CASTINE (AP) – The annual Maine Maritime Academy training cruise will get under way later this week after its scheduled departure Sunday was postponed because of mechanical problems.

The training ship State of Maine was prepared to depart at 7:30 a.m. with 210 students and 51 officers and crew aboard, but a rocker arm broke when the engine was started. Friends and families were gathered on shore to watch the vessel off when the engine malfunctioned.

The rocker arm was repaired, but academy officials decided to postpone the departure until the engine could be thoroughly inspected. Now it appears the cruise won’t get under way until Wednesday at the earliest.

Maine Maritime Academy president Leonard Tyler said the malfunction gave students a taste of the types of problems they might encounter at sea.

“That’s what this is, a training ship,” he said. “When things go wrong, it enhances their training.”

The annual training cruise takes first- and third-year students to different ports around the world to learn more about life aboard ship, which serves as a floating classroom.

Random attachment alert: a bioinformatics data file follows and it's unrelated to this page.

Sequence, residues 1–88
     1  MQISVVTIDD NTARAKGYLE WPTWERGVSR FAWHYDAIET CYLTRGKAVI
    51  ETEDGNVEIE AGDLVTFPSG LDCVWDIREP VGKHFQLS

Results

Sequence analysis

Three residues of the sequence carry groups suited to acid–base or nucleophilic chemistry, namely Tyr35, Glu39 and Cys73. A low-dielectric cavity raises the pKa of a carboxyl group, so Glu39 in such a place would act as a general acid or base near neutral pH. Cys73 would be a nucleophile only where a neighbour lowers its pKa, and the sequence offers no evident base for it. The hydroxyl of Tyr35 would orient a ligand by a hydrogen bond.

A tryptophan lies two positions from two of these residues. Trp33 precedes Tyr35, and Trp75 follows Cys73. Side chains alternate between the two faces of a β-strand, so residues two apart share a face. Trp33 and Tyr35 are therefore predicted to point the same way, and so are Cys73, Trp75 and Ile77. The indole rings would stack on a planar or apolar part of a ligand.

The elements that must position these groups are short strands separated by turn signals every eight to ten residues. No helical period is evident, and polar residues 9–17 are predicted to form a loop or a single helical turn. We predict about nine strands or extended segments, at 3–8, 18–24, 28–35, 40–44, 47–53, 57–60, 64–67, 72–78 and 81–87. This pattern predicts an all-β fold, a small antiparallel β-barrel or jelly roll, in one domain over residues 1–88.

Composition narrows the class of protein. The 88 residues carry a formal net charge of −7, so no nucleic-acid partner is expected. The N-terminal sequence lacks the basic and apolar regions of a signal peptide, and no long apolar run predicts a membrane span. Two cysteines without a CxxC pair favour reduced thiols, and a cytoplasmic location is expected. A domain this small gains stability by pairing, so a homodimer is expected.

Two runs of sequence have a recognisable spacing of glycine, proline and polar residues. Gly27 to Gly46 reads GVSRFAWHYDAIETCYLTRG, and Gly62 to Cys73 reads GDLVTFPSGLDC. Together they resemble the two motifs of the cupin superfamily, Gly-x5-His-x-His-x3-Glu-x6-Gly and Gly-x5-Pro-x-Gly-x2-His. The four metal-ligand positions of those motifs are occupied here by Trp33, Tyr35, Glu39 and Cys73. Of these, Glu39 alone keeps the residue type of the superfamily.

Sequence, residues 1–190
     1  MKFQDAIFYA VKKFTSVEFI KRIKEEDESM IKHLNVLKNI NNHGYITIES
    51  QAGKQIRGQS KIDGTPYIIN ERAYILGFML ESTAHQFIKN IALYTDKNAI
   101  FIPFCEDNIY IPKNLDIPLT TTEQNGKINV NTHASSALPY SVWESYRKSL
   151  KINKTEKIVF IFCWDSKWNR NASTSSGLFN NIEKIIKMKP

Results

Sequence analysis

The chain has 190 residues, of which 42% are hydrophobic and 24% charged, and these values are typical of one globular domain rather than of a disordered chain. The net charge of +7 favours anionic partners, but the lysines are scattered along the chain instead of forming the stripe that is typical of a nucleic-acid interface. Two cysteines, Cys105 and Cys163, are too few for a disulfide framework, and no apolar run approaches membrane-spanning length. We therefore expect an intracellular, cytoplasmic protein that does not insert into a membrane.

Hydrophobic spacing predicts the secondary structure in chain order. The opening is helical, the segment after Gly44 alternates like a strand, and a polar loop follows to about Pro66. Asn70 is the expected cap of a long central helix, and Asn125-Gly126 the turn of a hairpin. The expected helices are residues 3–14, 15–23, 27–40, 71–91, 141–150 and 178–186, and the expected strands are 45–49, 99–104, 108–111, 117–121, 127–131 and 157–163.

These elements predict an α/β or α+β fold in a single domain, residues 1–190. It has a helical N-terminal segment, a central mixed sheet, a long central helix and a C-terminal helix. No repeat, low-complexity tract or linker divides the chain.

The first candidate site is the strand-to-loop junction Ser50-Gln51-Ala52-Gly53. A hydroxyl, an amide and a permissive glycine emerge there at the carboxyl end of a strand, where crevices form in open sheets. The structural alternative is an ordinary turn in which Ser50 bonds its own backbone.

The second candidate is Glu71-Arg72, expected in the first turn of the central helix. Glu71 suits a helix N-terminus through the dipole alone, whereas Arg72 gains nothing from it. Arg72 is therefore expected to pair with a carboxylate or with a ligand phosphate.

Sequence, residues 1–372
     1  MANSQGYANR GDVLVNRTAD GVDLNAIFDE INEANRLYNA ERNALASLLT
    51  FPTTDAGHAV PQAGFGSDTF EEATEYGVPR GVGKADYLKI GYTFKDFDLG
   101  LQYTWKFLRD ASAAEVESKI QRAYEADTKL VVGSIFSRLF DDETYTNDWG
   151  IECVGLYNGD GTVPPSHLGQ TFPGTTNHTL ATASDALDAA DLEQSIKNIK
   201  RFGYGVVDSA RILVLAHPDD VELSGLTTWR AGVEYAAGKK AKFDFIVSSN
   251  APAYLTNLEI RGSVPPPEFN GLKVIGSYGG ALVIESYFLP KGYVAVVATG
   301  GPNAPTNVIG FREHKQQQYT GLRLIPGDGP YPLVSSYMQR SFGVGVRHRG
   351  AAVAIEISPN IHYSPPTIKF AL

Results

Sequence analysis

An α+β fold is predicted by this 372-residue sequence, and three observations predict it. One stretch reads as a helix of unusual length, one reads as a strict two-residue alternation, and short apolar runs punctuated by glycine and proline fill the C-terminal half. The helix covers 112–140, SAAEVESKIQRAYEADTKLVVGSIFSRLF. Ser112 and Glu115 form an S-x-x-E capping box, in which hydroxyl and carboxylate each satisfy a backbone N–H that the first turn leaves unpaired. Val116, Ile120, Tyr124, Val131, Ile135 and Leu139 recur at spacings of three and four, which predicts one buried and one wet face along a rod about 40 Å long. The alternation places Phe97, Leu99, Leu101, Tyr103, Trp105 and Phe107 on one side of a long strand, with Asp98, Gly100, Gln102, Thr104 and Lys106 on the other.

This year, stops are scheduled in Antwerp, Belgium; Tenerife, Canary Islands; and Halifax, Nova Scotia.

Because of the war in Iraq and terrorism concerns, students were given training in security and anti-terrorism techniques and will receive more training while the ship is under way. Academy officials earlier canceled a stop that had been scheduled for Turkey.

“Whenever you send 200 young men and women on a training ship to foreign ports, you certainly worry about them,” Tyler said. “But we feel they’ll be safe. They’ve had training on what they should and should not do in foreign ports, and we have an officer on board to provide training for the security of the ship.”

AP-ES-05-12-03 0956EDT



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